Paper 4, Section II, C

Dynamics and Relativity | Part IA, 2015

Consider a particle with position vector r(t)r(t) moving in a plane described by polar coordinates (r,θ)(r, \theta). Obtain expressions for the radial (r)(r) and transverse (θ)(\theta) components of the velocity r˙\dot{\mathbf{r}} and acceleration r¨\ddot{\mathbf{r}}.

A charged particle of unit mass moves in the electric field of another charge that is fixed at the origin. The electrostatic force on the particle is p/r2-p / r^{2} in the radial direction, where pp is a positive constant. The motion takes place in an unusual medium that resists radial motion but not tangential motion, so there is an additional radial force kr˙/r2-k \dot{r} / r^{2} where kk is a positive constant. Show that the particle's motion lies in a plane. Using polar coordinates in that plane, show also that its angular momentum h=r2θ˙h=r^{2} \dot{\theta} is constant.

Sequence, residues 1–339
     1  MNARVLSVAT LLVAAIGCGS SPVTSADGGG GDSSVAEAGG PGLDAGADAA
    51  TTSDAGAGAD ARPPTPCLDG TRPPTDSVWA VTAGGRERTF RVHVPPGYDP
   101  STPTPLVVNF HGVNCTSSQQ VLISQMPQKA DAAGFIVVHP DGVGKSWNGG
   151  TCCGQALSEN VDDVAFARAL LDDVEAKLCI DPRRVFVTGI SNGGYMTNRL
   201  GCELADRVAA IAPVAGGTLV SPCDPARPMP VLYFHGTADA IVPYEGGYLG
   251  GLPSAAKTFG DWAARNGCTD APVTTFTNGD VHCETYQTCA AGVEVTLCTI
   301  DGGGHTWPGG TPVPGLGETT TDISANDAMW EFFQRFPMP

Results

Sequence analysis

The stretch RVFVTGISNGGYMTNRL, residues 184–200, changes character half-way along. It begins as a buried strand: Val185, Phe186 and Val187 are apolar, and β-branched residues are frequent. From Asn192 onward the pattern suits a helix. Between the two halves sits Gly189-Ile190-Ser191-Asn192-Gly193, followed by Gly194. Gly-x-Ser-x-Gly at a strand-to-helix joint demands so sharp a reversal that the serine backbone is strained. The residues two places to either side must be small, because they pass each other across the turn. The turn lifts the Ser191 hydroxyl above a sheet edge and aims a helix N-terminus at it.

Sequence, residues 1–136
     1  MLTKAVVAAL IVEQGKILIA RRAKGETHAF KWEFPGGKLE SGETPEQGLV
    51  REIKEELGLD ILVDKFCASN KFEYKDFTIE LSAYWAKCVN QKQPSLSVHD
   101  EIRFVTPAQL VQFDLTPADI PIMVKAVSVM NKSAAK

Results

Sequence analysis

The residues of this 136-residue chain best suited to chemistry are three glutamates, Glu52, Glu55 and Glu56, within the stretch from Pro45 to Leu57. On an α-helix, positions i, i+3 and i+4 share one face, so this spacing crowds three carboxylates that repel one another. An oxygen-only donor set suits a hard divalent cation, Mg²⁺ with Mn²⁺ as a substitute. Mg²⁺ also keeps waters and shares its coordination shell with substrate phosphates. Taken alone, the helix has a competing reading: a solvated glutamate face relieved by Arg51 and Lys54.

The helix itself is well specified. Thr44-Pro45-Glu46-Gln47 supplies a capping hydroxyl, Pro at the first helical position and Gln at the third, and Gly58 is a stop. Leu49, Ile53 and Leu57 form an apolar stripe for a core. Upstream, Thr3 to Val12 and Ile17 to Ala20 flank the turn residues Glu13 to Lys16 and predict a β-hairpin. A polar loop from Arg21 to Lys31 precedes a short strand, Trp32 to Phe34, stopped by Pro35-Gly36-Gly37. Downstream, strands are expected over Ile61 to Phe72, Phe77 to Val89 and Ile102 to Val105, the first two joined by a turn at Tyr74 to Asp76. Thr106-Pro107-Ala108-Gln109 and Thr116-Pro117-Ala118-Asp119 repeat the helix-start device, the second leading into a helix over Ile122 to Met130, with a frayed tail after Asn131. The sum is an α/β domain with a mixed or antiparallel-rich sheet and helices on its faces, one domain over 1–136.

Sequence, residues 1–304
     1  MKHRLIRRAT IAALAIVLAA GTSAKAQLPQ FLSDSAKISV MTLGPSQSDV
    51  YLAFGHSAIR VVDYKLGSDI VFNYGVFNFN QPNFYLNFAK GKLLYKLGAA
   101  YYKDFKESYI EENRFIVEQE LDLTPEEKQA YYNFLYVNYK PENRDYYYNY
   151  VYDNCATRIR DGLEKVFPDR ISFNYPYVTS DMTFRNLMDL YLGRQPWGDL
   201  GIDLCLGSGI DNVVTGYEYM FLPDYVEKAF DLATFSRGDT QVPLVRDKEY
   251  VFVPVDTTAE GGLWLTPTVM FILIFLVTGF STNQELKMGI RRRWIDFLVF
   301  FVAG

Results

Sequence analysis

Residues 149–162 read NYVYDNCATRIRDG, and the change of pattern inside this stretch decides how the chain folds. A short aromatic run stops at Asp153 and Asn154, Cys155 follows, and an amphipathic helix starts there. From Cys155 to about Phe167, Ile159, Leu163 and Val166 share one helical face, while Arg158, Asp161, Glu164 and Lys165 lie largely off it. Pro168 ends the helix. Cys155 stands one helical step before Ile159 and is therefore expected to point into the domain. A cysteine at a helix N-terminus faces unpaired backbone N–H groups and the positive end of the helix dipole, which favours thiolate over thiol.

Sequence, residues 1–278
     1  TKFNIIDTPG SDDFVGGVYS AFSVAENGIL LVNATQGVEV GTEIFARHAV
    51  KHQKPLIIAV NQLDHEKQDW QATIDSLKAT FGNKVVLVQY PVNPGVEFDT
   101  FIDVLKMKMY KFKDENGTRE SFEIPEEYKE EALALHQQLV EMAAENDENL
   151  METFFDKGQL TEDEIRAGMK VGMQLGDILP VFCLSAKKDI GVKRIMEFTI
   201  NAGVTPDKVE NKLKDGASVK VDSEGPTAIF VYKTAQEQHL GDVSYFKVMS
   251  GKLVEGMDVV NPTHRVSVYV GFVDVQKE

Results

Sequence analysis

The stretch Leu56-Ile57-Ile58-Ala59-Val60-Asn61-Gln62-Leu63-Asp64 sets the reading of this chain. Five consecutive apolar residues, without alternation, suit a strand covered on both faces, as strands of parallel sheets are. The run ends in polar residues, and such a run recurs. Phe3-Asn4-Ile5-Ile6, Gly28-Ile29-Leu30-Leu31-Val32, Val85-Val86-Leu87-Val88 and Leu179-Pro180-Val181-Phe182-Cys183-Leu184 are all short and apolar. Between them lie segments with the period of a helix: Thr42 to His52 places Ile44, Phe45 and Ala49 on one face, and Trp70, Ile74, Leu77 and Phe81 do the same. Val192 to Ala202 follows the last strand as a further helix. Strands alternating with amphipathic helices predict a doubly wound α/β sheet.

Obtain the equation of motion

d2udθ2+khdudθ+u=ph2\frac{d^{2} u}{d \theta^{2}}+\frac{k}{h} \frac{d u}{d \theta}+u=\frac{p}{h^{2}}

where u=r1u=r^{-1}, and find its general solution assuming that k/h<2k /|h|<2. Show that so long as the motion remains bounded it eventually becomes circular with radius h2/ph^{2} / p.

Obtain the expression

E=12h2(u2+(dudθ)2)puE=\frac{1}{2} h^{2}\left(u^{2}+\left(\frac{d u}{d \theta}\right)^{2}\right)-p u

for the particle's total energy, that is, its kinetic energy plus its electrostatic potential energy. Hence, or otherwise, show that the energy is a decreasing function of time.

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